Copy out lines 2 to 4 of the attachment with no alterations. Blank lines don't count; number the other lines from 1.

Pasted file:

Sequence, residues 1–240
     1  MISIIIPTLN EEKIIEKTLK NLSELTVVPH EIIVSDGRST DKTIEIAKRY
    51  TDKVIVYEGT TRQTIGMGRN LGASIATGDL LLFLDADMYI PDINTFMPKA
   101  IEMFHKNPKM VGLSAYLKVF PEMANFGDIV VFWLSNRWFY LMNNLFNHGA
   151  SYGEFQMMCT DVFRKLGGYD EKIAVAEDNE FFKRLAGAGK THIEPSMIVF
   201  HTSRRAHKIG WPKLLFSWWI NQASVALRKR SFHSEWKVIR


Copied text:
     1  MISIIIPTLN EEKIIEKTLK NLSELTVVPH EIIVSDGRST DKTIEIAKRY
    51  TDKVIVYEGT TRQTIGMGRN LGASIATGDL LLFLDADMYI PDINTFMPKA
   101  IEMFHKNPKM VGLSAYLKVF PEMANFGDIV VFWLSNRWFY LMNNLFNHGA